On 12th May 2018, President Uhuru Kenyatta launched the National Tree Planting Day under the slogan “Panda Miti, Penda Kenya”. It was another of those Jubilee-ese slogans that ring hollow. The event took place in Kamkunji sub-county at the Moi Forces Academy in the Eastlands part of Nairobi. This was the government’s knee-jerk response to the heavy long rains season that sparked an environmental crisis around the country. There were 32 counties affected and over 300,000 Kenyans were displaced. In his official speech, the President repeated the familiar pledge to achieve at least ten per cent forest cover, as required by the constitution, and to mitigate the effects of climate change.
Words: Wyban Mwangi
Allow me the joy of teaching you a new word today. The word is ‘duru’. Most of my millennial peers, where I come from, have an extensive grasp of what it means. It is simply the art of approaching a stranger, after careful analysis, wearing a sunken face then stretching your hand to them the same way a customer does when asking for their change. I am emphatic about calling it an art, since it is a skill that requires a lot of practice and experience. Mothers and aunts are the best teachers for this skill set. At least that is how it was set up for my family and many other families within my community as I grew up.
The common denominator for men and women of my generation, born before 1980, was that no one was above a good beating. Our parents were from the school of hard knocks. They swore by the words, ‘Spare the rod and spoil the child”. I grew knowing my parents wrath came from a place of good intentions. The punishment was structured and one even got to fetch the cane that would be used to inflict pain and deliver a lesson. When disciplining was over, we were reminded that the world would not be so kind. That is what good parenting entailed.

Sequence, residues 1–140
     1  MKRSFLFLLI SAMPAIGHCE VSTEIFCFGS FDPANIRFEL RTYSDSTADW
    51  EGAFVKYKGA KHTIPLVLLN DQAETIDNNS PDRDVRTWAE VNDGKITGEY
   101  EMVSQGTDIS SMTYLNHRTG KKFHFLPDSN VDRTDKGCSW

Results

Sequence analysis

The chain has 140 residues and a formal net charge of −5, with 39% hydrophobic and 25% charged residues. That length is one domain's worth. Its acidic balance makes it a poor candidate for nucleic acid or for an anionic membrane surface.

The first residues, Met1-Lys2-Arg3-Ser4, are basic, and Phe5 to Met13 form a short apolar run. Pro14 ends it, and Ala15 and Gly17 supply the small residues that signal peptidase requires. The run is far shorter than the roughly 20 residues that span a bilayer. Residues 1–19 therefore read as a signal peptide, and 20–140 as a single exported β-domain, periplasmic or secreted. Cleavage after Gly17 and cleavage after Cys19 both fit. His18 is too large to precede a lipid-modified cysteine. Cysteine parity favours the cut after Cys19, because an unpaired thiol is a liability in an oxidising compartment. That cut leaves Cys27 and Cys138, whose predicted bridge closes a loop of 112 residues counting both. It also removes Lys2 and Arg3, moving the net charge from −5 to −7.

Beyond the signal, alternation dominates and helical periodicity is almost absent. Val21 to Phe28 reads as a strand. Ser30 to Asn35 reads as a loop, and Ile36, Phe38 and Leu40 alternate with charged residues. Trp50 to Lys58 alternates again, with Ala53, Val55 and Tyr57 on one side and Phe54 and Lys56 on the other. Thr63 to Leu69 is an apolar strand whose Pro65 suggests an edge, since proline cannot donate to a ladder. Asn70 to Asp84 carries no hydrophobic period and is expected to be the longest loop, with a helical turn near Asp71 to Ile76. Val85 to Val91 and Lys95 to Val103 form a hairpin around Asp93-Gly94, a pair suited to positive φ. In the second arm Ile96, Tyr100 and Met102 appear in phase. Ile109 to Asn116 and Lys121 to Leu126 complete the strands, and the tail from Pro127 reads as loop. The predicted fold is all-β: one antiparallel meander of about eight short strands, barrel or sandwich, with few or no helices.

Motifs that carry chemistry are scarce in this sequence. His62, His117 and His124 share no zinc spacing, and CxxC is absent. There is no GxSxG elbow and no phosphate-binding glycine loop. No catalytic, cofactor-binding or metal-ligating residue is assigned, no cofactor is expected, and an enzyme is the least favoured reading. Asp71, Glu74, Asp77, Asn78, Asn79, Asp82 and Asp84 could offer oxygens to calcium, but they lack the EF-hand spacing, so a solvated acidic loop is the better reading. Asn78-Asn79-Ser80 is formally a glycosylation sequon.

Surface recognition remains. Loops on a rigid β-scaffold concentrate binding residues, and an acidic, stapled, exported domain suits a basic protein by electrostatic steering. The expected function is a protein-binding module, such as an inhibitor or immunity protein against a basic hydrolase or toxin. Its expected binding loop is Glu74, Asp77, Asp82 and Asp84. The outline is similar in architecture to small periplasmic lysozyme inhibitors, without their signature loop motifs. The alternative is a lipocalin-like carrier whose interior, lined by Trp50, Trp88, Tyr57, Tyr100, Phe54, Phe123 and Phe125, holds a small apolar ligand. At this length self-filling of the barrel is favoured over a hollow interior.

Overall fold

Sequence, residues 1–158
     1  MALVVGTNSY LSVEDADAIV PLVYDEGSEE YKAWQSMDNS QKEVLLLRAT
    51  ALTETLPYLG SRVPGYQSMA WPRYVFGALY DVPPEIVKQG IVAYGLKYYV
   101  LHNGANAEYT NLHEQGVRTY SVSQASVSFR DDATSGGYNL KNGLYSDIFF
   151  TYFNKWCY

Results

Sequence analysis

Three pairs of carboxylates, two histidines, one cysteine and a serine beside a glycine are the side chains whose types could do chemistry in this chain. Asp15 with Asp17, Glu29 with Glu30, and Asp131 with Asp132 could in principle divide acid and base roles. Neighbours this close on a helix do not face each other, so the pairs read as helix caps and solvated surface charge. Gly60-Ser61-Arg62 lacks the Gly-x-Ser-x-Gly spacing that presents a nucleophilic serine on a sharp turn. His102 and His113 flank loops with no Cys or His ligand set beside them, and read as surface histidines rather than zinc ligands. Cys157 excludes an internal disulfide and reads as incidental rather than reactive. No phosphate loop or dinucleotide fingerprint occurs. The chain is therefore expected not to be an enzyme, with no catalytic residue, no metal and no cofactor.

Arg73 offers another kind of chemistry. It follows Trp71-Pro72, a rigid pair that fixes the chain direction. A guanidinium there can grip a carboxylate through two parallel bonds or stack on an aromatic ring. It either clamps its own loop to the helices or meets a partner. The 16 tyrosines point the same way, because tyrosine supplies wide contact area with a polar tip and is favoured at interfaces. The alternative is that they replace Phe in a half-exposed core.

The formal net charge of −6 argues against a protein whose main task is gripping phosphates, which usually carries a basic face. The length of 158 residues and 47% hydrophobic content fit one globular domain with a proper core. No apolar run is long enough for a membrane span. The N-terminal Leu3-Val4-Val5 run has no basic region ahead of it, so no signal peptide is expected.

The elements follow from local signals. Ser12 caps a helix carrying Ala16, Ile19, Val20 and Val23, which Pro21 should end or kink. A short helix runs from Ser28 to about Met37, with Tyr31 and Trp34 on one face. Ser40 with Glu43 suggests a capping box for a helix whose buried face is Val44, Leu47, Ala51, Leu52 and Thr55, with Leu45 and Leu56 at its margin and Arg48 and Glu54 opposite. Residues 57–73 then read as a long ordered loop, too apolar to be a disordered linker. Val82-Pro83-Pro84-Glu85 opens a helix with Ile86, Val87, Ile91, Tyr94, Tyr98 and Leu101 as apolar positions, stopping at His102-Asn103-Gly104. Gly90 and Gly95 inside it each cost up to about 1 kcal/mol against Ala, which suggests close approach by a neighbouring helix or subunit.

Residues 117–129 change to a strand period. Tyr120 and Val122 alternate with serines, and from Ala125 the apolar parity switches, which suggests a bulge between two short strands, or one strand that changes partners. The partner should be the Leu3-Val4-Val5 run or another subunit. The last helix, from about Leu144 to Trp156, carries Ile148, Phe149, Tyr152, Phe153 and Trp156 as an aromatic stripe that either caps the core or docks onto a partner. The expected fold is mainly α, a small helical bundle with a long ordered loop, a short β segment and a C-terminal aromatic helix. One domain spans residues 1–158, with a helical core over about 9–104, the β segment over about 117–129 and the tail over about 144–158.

Friday, August 11 2017
The axe forgets what the tree remembers. African proverb
The tension was palpable 3 days after voting. Media had prepped Kenyans for a big announcement. Serious discrepancies had emerged over the vote tallying and opinion was sharply divided and emotive. The kind that could trigger off a big reaction.
People who had shown up for work on that Friday reported the lack of transport and the light traffic in Nairobi. Employers and business owners with good sense had to ensure the premises were shut by 2pm. We received reports of heavy police presence in the hotspots, in our case the poor ghettos in the opposition chiefs stronghold that were primed to react in protest after the announcement.
I got a message from Biko, late last week, “How are things?”
Kenyans have this unique ability to minimize issues. A man could be calling to deliver the tragic news of his own mother’s passing but that won’t stop him from starting the conversation with “Sema, how are things?”
I knew something was up so I asked him to cut to the chase. Biko wanted me for an interview and it had to be the next day. Biko has been having these anxiety attacks over turning 40 and had launched into an introspective journey, talking to people who had crossed into their 40s in search of his version of the 48 ways to manage your 40s without the midlife crisis.